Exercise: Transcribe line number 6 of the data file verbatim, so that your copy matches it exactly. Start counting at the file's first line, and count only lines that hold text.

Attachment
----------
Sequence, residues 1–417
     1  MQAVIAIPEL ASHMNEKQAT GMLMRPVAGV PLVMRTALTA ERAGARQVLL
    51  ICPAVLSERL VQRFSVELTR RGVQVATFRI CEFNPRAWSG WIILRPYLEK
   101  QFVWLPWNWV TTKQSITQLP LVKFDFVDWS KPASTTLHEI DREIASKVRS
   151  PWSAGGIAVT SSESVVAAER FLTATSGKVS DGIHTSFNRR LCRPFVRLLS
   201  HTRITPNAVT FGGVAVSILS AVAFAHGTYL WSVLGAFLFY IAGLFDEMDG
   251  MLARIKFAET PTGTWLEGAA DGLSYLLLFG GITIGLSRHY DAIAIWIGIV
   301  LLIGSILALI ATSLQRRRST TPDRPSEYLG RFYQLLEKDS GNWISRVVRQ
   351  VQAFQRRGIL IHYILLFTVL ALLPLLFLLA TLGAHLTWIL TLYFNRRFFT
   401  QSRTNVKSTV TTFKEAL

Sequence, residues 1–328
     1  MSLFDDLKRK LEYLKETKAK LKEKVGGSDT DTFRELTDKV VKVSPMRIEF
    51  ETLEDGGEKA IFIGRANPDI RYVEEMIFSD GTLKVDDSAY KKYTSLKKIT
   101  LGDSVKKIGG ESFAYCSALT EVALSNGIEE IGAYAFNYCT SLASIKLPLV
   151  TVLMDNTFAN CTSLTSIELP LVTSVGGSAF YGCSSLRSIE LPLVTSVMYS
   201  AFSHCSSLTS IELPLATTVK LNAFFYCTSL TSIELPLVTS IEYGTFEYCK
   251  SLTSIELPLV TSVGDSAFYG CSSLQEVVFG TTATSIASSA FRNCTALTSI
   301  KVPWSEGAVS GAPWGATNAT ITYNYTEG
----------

   201  HTRITPNAVT FGGVAVSILS AVAFAHGTYL WSVLGAFLFY IAGLFDEMDG